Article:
In other words, not all students think that the more work they put in the suckier they are.  Some of them like that they are being challenged and pushed and they don’t view being asked to do more work as a negative review.

I give these last examples to be clear: this is NOT a “students suck” post.  This is a genuine question: how do I get them to see that when I ask them to revise, when I ask them to do more, it’s because I believe in them?  Is that an attainable goal to have for all of my students?  Or do some just need time to realize that this is true?

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I know, I know.  I said you could expect a real post last week, but then Life Got in the Way.

 

First, The Dude and I had to have our first actual both-of-us-were-totally-pissed-off-at-each-other fight on Valentine’s eve, which also happened to be like two days before the three month mark of us being together.  Those two things combined might send any pair into a tailspin, I’d say.  Very high pressure.  The specifics aren’t really important – other than that the conflict did reveal some important things (about him to me: when in doubt, The Dude will try to minimize something that he knows is going to upset me, and his first impulse is to “keep me happy” as opposed to dealing with an issue head on, which I suppose some people might enjoy, but I find it very hard to take; about me to him: if you try to minimize something that is going to upset me, and, indeed, if you reveal that you’re just trying to “keep me happy” like I need to be placated and “handled,” I turn into a fucking lunatic) and it all resulted in a very positive conversation about How We Deal with Things Individually and How That Will Work for Us Together, Feelings, and Things Going Forward, and ultimately we had a lovely Valentine’s date (on Friday, as planned) and it was fun and cool and we saw each other Sunday, too, which was also delightful.  Long story short: all’s well that ends well, and probably we were due for a fight, and this wasn’t so bad, as such things go.  Indeed, I think it’s a good sign that we didn’t break up!  (We both totally thought about it, which is oddly comforting, that we both thought about it but we both didn’t pull the trigger, which might not seem comforting to many of you out there, but he and I both have histories of cutting our losses quickly if things seem to be going south, so the fact that we didn’t in this instance is a Good Thing.)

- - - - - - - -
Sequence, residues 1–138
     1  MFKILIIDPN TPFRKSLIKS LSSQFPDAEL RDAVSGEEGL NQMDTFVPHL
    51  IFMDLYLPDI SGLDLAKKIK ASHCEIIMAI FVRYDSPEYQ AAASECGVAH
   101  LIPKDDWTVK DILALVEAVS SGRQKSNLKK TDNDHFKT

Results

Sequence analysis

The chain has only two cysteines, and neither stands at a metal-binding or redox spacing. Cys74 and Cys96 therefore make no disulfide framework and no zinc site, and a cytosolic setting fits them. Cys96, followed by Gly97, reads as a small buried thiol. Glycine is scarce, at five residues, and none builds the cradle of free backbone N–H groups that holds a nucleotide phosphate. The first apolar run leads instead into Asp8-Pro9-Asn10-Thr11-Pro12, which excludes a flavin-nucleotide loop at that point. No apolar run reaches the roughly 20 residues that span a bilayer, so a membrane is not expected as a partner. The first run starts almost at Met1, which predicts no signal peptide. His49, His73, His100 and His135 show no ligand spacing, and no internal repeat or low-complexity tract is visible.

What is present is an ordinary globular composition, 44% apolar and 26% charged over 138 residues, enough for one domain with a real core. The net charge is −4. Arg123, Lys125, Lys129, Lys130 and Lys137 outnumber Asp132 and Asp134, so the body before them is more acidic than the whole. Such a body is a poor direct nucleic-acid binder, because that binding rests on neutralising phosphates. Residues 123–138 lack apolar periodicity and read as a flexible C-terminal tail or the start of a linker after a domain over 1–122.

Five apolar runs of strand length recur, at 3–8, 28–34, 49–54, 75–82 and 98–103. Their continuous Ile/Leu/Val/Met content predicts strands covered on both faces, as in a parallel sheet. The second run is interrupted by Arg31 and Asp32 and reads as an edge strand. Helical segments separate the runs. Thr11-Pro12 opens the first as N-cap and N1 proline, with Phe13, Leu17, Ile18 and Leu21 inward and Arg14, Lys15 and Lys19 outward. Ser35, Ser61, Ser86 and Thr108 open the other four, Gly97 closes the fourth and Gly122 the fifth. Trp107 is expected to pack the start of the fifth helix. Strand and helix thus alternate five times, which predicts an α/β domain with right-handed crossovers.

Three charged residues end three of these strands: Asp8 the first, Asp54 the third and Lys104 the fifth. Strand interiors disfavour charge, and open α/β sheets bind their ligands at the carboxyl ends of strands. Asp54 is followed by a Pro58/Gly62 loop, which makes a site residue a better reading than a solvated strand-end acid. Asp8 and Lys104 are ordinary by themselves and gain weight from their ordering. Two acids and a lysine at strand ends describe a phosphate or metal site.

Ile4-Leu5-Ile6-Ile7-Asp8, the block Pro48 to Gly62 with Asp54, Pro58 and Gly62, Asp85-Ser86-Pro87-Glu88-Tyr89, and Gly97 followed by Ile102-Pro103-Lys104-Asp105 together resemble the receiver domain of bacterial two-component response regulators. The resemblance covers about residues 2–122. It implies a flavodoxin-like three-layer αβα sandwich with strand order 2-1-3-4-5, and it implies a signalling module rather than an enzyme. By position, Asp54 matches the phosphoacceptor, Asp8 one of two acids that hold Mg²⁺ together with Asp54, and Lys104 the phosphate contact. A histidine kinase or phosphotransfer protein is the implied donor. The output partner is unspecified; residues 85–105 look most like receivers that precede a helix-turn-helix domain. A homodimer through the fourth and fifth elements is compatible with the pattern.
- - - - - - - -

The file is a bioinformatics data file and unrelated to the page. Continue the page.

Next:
Second, last week I got a test in one class and papers in three others, plus I’m dying under my reading load this semester, and then between meetings and students (I had 14 individual conferences with students on Thursday alone) and things related to a search in the department and curriculum proposals (for it turns out that now that I’m not responsible for serving on any curriculum committees I have time to initiate changes, since nobody else seems to have the will to do such things) and all other manner of mid-semester business, I barely have a minute to breathe.  To give you a sense of how things are, I woke up this morning with a terrible headache, called in sick, took medicine to make the headache go away, and once it did, I proceeded to use the day to grade, to read (all major reading done for the next two and a half weeks!), and to write assignments, as well as to think about some abstracts I need to write and submit.  Yes, I took a sick day less because I was sick than because I really needed to catch up on work. I don’t think I’ve had to do that since maybe my second or third year on the tenure track.  Would I have done that if I didn’t wake up with the headache?  No.  But today was a day I could afford to miss (none of my classes will be behind because of it), and so I took my chance.  And I’m actually feeling a lot better about everything (and my headache is gone!) for having done so. *